Emerging evidence suggests a role for statins in the treatment of diseases of the central nervous system, including multiple sclerosis (MS), Alzheimer's disease (AD), and ischemic stroke. Although these diseases differ significantly, they have inflammatory and oxidative stress pathways in common.14
Statins inhibit inflammatory components of MS that exacerbate neurologic disability, and significant evidence exists that statins have a positive impact on experimental autoimmune encephalomyelitis, the prototypical animal model of MS.14 A 28-patient trial found positive changes in clinical markers for MS following 6 months on simvastatin.15 Although this small study lacked a control group, other studies are under way.
Beta-amyloid (A?) peptide, a major component of senile plaque that is observed in AD, is cleaved from amyloid precursor protein. In animal studies, simvastatin reduced A?production. Three large-scale, case-control, retrospective studies found that statins reduced the risk of developing dementia by 63% to 70% in elderly patients.14 Smaller prospective, randomized controlled studies have produced less dramatic and conflicting findings.16 (Because age-related macular degeneration shares some characteristics with AD, statins are now being investigated to delay the onset of that disease.17,18)
Although the relationship between low-density lipoprotein and stroke remains controversial, early clinical trials have associated statin use with reduced stroke risk.14 In a combined total of 70,020 ischemic heart disease patients, researchers noted a 21% stroke reduction.18 Recent, well-designed studies confirm the relationship. Equally important, statins reduce poststroke mortality. One case-control study, for example, compared 205 stroke patients who took statins prior to their stroke with 405 stroke patients with no history of statin use. Mortality was 33% lower in the statin-treated arm at 1 month.19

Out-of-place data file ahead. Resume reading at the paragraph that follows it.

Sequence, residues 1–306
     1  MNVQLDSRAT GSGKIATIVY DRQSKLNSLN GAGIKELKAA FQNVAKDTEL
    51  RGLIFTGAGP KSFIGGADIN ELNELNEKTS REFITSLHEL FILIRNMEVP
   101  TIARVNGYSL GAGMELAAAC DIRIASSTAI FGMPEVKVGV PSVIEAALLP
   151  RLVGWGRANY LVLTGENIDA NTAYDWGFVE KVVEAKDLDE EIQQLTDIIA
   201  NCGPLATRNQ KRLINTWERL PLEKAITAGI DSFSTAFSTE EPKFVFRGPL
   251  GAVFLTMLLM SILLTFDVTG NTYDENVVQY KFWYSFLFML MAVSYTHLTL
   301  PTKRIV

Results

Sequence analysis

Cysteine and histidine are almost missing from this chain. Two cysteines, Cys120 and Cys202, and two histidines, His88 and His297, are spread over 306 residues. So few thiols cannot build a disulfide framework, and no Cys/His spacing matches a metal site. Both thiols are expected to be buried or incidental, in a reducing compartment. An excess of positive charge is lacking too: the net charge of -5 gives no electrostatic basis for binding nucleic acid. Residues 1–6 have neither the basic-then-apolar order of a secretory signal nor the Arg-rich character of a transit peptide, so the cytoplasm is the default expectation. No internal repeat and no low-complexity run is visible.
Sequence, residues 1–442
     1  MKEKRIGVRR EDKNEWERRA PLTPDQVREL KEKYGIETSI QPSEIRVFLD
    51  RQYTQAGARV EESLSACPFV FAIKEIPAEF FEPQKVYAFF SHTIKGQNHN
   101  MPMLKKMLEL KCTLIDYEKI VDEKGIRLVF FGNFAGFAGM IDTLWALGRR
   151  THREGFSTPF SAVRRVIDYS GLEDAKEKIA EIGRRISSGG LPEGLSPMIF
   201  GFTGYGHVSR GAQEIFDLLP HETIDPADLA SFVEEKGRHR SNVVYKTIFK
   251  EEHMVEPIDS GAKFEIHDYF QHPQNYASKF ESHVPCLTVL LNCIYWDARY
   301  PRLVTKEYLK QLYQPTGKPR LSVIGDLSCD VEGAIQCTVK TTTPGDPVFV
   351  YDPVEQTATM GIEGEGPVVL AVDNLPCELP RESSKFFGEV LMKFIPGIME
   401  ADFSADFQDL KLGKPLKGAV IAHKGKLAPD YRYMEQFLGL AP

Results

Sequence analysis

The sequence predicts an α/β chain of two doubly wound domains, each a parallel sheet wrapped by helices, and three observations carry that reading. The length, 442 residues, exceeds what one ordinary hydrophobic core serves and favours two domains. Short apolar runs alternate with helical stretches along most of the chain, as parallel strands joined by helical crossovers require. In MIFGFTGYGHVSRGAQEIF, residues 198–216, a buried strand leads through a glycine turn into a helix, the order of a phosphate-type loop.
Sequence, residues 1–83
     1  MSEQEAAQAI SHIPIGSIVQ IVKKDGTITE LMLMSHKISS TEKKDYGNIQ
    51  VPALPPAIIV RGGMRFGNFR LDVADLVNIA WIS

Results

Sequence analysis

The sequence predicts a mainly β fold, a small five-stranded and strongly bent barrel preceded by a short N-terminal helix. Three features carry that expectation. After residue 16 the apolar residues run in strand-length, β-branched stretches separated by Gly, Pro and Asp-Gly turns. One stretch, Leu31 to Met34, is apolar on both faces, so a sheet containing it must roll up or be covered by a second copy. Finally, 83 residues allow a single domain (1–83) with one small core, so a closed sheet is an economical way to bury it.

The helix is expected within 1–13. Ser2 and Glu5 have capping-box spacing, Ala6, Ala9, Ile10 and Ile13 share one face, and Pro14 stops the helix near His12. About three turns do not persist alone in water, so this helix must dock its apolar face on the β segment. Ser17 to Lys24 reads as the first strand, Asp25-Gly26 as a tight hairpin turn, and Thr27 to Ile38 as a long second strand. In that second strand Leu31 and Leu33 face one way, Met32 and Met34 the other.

How Do Statins Help?
Exactly how the statins affect so many systems is still a matter for molecular biologists to sort out. Clearly, they have pleiotropic effects (Table 2). Pharmacodynamically, they inhibit HMG-CoA reductase and, consequently, L-mevalonic acid production and several intermediaries of the cholesterol biosynthetic pathway. These compounds modify many cellular proteins that control cell signaling, differentiation, and proliferation. Reducing Lmevalonic acid synthesis will lower cholesterol levels and cause a wide variety of nonlipid effects.18 Pharmacists, when promoting these pleiotropic effects, should note that concurrent vitamin E supplementation seems to blunt the protective effect of statins. They should impress upon patients that such usage is not prudent.20,21
Thus far, statins have not been linked with easy weight loss, the reversal of premature graying, or the disappearance of wrinkles, so they are not the 21st century's miracle drugs. Nevertheless, research indicates that statins are widely used and have potential in multiple disease states. They already have obtained OTC status in Britain, but when their manufacturers proposed similar status in the United States in January 2005, the FDA rejected it. Experts estimate that 20% of the population should be taking a statin (currently, 13 million actually are).22
These facts underscore a dilemma. Until researchers conduct large-scale prospective, randomized, double-blind studies, the promise of statins remains largely speculative. The high prevalence of lipid disorders, the popularity of statins, and their OTC status in some countries, however, are barriers to finding participants meeting inclusion criteria. It will be difficult to identify large-scale control groups of patients (in the tens of thousands) who will not have been exposed to statin use during the study's follow-up phases. Should research confirm the potential of statins, their relative low cost, oral dosing, tolerability, and side-effect profile will impact health care significantly.
Dr. Zanni is a psychologist and health-systems consultant based in Alexandria, Va. Ms. Wick is senior clinical research pharmacist at the National Cancer Institute, National Institutes of Health, Bethesda, Md. Views expressed in this article are those of the authors and not those of any government agency.